COVID-19 in Iceland: Contact Tracing is Key to Taming Third Wave Skip to content

COVID-19 in Iceland: Contact Tracing is Key to Taming Third Wave

By Yelena

Chief Epidemiologist Þórólfur Guðnason
Photo: Almannavarnadeild ríkislögreglustjóra/Facebook. Chief Epidemiologist Þórólfur Guðnason.

“Cautiously optimistic” was how Iceland’s Chief Epidemiologist Þórólfur Guðnason described his perspective on the ongoing third wave of COVID-19 infections at a briefing in Reykjavík today. Authorities know where the wave originated, says Þórólfur, the contact tracing team has a good overview on cases, and has also been successful in locating minor outbreaks. Þórólfur added, however, that his optimism has proved unwarranted in the past and that individual preventative measures such as handwashing and social distancing remain key to preventing the spread of COVID-19 in Iceland.

Iceland reported 30 new domestic cases of COVID-19 yesterday, and the number has been dropping since reaching a high of 75 two days ago. More than half of case in recent days can be traced to bars and clubs in Reykjavík, which have been ordered to remain closed until September 27.  The total number of active cases currently sits at 242.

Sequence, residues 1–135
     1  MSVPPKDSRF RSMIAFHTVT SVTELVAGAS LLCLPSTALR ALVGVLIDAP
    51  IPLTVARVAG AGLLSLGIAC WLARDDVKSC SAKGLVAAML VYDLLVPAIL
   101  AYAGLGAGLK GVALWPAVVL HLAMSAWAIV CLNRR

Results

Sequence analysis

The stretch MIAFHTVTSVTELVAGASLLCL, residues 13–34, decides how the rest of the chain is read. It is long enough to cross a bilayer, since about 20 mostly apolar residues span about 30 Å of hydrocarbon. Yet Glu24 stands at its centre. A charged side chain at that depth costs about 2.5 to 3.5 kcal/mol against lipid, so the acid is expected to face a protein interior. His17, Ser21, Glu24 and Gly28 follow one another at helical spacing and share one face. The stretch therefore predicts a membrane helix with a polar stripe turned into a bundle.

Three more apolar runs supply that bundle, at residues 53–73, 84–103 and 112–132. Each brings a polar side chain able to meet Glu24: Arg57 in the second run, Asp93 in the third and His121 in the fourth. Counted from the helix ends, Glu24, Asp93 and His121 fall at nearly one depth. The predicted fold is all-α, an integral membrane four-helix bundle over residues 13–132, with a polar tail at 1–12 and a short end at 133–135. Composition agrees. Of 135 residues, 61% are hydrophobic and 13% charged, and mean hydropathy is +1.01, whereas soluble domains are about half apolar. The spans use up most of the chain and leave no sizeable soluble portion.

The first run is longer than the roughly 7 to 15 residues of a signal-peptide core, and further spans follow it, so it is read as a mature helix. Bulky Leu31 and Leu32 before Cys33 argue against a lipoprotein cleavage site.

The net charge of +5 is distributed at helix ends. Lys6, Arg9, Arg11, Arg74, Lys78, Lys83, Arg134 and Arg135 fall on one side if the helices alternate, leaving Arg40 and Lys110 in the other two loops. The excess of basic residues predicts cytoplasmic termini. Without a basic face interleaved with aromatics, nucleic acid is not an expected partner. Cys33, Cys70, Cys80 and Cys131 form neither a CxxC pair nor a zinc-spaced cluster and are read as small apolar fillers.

Emphasis on Employer Responsibility

At today’s briefing, authorities emphasised employers’ responsibility in minimising the risk of virus spread in the workplace. This should be done by separating employees into smaller groups at larger workplaces, as well as ensuring communal areas are regularly cleaned and sterilised. Furthermore, employers were encouraged to allow staff to work from home as much as possible.

Mask Use Encouraged, Not Mandatory

In workplaces where one-metre distancing is not possible, mask use is encouraged. The same applies to secondary schools and universities. While mask use in these circumstances is not required by law, Þórólfur emphasised that schools should set regulations according to their individual circumstances, and those should be respected. He added that authorities are not recommending general mask use “out on the streets,” rather only in situations where masks have been proven effective in reducing and preventing transmission of the SARS-CoV-2 virus.

Iceland Review live tweets Icelandic authorities’ COVID-19 briefings.

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